But if you need to be a reminded of whom else in life you can be investing your energy in, here are four:

    1. God: Actually, God is supposed to be what our hearts, minds and souls are centered on. Yet I know from personal experience that that is really difficult to do, never mind comprehend. Even so, God trumps all. What this means is that, whether or not you’re religious, there is something greater and more incredible and more awe-inspiring than us in our world. The fact that you’re breathing and your heart is beating is proof of that. Appreciate that. Have faith in that. Pray. Meditate. Attend a service. Enjoy the sunlight. Thank God, the universe, the stars that you’re here. Focus on your beliefs, your faith, your relationship with this greatness, and you might even feel too at peace to care so much about the little things.

    2. Family: In the case that it isn’t a family member that fails in returning the love (and if it is, consider your other relatives), for once think about the people who have been in your life who have known you (or commits to being with you) forever. We sometimes stress so much about being that perfect someone for others that we tend to forget about those who we don’t have to stress with at all. Case in point, my sisters. I love them so much and we have such a healthy, positive relationship, yet, silly me, I occasionally forget that we’re best friends, bound in blood, and that our siblingship, our friendship, deserves the best attention.

    3. Other people (e.g. friends, acquaintances, co-workers): While you’re getting hung up over a person who straight up fails in maintaining her/his/zir end of the relationship, you’re probably failing in maintaining your relationship with somebody else. Go talk to her/him/zir! The person may not be your bestie or sibling or someone you really know, but she/he/ze is still someone in your life. Think about the way you’re treating that person. Mail carrier? Smile, ask about her/his/zir morning. Old college friend? Catch up over an expensive latte. Annoying new coworker? At the very least, say “good morning.” Point is, there are more people in our lives, and it’s time we recognize that. Also, being all the more interactive with people can lead to a relationship you’ll both might want to uphold.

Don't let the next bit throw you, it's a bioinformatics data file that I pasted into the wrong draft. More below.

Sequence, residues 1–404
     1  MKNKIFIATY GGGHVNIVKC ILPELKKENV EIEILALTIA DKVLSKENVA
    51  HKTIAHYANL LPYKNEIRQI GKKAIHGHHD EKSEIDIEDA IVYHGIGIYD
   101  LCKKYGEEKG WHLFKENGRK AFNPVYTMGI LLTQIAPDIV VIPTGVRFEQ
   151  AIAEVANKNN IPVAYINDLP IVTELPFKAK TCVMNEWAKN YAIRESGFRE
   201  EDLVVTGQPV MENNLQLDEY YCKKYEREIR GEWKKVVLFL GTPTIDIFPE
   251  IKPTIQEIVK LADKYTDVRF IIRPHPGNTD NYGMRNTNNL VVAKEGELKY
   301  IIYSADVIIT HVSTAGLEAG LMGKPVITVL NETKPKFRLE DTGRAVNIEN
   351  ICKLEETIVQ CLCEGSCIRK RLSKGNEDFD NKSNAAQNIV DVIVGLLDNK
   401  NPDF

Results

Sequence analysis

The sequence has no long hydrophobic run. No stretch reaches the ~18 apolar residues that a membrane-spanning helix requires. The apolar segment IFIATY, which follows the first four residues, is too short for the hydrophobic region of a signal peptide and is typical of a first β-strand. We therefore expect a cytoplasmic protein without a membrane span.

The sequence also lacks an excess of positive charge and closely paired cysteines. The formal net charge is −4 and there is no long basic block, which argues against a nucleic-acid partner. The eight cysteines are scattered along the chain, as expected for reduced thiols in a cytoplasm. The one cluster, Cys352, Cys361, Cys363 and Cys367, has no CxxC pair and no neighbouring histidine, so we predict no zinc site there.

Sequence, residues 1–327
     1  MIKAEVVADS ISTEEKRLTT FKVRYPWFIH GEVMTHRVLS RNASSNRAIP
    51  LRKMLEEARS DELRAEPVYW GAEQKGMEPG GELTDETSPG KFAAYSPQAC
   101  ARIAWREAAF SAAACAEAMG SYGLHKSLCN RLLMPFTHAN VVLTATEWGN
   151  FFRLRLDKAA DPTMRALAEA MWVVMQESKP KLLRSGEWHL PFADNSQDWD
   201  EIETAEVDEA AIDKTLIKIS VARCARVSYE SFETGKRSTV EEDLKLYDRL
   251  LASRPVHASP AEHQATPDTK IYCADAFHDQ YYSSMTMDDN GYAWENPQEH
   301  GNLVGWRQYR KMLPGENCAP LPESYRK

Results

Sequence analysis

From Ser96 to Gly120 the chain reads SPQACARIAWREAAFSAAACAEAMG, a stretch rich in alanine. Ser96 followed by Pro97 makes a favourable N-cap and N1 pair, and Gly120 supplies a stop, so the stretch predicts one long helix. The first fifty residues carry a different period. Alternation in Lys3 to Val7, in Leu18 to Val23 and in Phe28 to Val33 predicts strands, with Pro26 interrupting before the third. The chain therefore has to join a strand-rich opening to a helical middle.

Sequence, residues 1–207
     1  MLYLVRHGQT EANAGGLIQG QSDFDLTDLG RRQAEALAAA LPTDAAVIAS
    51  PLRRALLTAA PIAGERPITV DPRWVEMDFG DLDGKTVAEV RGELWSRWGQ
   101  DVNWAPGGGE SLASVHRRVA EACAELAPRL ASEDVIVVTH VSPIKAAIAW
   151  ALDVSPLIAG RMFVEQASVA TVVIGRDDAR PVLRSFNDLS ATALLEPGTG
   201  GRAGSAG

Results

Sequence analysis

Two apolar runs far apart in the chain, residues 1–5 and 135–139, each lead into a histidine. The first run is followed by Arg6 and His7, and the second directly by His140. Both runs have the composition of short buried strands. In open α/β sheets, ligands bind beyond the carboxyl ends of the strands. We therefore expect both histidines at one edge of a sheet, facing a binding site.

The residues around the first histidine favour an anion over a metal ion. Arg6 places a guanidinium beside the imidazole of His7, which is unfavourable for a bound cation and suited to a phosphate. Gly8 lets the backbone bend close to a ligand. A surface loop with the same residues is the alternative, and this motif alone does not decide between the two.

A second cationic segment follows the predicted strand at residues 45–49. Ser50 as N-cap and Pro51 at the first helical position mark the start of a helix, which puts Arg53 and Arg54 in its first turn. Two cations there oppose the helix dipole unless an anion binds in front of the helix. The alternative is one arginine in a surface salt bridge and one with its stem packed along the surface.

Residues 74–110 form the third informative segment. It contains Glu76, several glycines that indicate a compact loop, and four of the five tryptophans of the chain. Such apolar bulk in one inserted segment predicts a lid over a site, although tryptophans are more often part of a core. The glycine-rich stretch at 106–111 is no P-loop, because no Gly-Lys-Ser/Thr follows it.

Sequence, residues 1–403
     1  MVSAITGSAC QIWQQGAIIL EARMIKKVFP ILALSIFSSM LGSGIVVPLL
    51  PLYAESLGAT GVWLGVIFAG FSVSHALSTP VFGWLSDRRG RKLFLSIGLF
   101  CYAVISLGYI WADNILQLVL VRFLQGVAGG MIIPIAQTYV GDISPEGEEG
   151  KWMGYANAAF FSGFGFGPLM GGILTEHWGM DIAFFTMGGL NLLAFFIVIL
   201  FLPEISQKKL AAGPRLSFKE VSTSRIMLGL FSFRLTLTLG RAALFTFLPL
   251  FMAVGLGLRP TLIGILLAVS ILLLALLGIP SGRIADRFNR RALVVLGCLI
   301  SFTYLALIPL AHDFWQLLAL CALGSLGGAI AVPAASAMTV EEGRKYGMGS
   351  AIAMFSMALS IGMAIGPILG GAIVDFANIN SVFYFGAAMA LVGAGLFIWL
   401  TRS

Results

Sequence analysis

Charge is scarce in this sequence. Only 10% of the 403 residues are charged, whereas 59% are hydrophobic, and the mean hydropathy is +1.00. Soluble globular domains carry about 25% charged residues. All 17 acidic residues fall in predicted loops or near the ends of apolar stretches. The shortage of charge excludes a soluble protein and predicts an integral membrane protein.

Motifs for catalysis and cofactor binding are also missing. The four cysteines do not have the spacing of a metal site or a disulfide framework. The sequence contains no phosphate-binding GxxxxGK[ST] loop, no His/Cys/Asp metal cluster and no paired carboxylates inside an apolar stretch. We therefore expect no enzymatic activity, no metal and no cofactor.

4. You: You’re awesome (well, I would like to think you are). I possibly don’t know you, but you’ve probably accomplished amazing goals in your life. And you’re probably craving for more. Again, you’re living. So take care of yourself. Work up a sweat. Treat yourself to guilty pleasures. Exercise your mind with studies. Get better sleep. Smile more. You are a living, breathing machine. Focus on yourself—inside and out—because your first best friend (besides God) should always be you.

              I’m not at all suggesting that you necessarily slice and dice any relationships that seem to be sapping your time and energy. That might be one of the best decisions in your life (from personal experience, it can relieve your shoulders of such a heavy burden), or it can be one of the most heart-aching (annndd, again, from personal experience, it can hurt when a once meaningful connection is abruptly shut down).

              Actually, perhaps the best thing to do first would be to talk to the other person about this issue. Let her/him/zir know about how and why you’re feeling the way you do. Try not to be aggressive or confrontational; that might trigger defensiveness and lead to a situation (i.e. fight) more destructive than productive. Talking about it might be the (rather obvious) solution. After all, she/he/ze can’t read your mind (unless Jean Grey is who you’re having trouble with) and honestly might not realize her/his/zir behavior!

              If, however, a talk doesn’t solve anything or if this isn’t a relationship you think is worth fixing, then I suggest reeling back on it. Reflect her/his/zir efforts. Rarely contacts you? Stop contacting her/him/zir on a daily basis. Rarely makes plans? Stop stressing so much about arranging plans for every single occasion. This person sure as hell doesn’t seem to be appreciating your efforts, but someone else (like any of those that I’ve listed) might instead.

              These words of mine spring from a place of experience and countless moments of disappointment, oftentimes with the same person. But I’m older, more mature and damn well know better now than I did as a teenager. You don’t have to heed to my advice, but know this: I feel so much happier and relieved concentrating more time, energy and effort onto those who do the same for me. And those are the type of relationships we all deserve.